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    ABSTRACT: Purpose: Intracerebral hemorrhage (ICH) is rare in term neonates but may have significant long term implications for affected infants. Causes of ICH in term neonates are not well understood, and few data regarding outcome are available. We sought to characterize risk factors, etiology, and short-term outcomes in a population of term and near-term neonates with acute ICH at our tertiary care center. Methods: Term and near-term neonates (greater than 34 weeks’ gestation) born 2004-2010 with acute ICH diagnosed within the first 28 days of life were identified from a prospective database of childhood stroke at our institution. Confirmation of hemorrhage with head CT or MRI was required. Clinical information was obtained from retrospective chart review. Age at presentation, gestational age, mechanism of delivery, APGAR scores, signs of fetal distress, symptoms at presentation, laboratory values, and imaging results were recorded. Hemorrhage characteristics were confirmed by a neuroradiologist. Short-term outcomes including survival and presence of neurologic deficit measured by the Pediatric Stroke Outcome Measure (PSOM) were noted. Results: In our cohort of 42 subjects, mean gestational age was 39.1 weeks +/- 2 weeks. Diagnosis of ICH occurred at mean age 4.5 days +/- 8 days. Mechanisms of delivery included 26 births via vaginal delivery without instrumentation, 4 births via vaginal delivery with instrumentation, and 12 births via cesarean section with one requiring vacuum assistance. Nine neonates had indicators of fetal distress, 5 with non-reassuring fetal heart tracings prior to delivery (including decelerations) and 4 with decreased movement prior to delivery. Mean APGAR scores were 6.6 and 8. Nineteen patients had both intraparenchymal and intraventricular hemorrhage, 14 patients had isolated intraparenchymal hemorrhage, and 9 patients had isolated intraventricular hemorrhage. Hemorrhage risk factors were the following: 14 with congenital heart disease, 4 on extracorporeal membrane oxygenation, 7 with coagulopathy, 1 with sepsis, and 1 with hypertension. Initial clinical presentation was seizure in 27, apnea in 12, fever in 6, and bulging fontanel in 4. Five infants died during the initial hospitalization. Follow-up data were available for 29 of 37 surviving subjects at mean age of 1.3 years (Range= 0.14-2.7 years). Abnormality on neurologic exam was detected in 12 patients at follow-up. Average PSOM score was 0.6 (Range= 0-5). Conclusion: In our study of term and near term neonates with acute ICH, most presented with seizures and/or apnea within the first week of life. Delivery complications and fetal distress were present in only about 20%. One-third of our subjects had congenital heart disease. Hemorrhage location was intraparenchymal, intraventricular, or both. Mortality was 12%. Forty-one percent of surviving subjects had neurologic deficits at short-term follow-up, but long-term follow-up is needed to characterize the effects of ICH in term and near-term infants fully.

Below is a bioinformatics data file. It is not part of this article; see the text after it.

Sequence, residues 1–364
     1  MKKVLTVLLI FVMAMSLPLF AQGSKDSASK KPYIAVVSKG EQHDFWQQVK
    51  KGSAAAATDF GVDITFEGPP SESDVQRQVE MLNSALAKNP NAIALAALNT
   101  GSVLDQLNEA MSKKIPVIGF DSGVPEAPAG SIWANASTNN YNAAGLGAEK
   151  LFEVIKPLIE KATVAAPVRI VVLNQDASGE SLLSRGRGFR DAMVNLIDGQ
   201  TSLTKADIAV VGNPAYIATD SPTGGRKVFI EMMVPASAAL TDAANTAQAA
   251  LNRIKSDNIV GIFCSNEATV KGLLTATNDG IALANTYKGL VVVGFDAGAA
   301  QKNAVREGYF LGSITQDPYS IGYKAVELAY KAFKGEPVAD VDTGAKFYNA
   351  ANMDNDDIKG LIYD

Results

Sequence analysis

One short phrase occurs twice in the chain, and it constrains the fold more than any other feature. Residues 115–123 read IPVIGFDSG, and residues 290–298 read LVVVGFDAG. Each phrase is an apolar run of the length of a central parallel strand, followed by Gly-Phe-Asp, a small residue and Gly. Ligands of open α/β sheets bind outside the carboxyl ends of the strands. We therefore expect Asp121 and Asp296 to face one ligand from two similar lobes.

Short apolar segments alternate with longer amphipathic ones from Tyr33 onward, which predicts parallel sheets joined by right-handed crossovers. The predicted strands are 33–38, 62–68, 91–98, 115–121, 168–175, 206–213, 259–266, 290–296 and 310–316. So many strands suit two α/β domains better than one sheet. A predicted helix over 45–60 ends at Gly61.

2011 American Academy of Pediatrics National Conference and Exhibition; 10/2011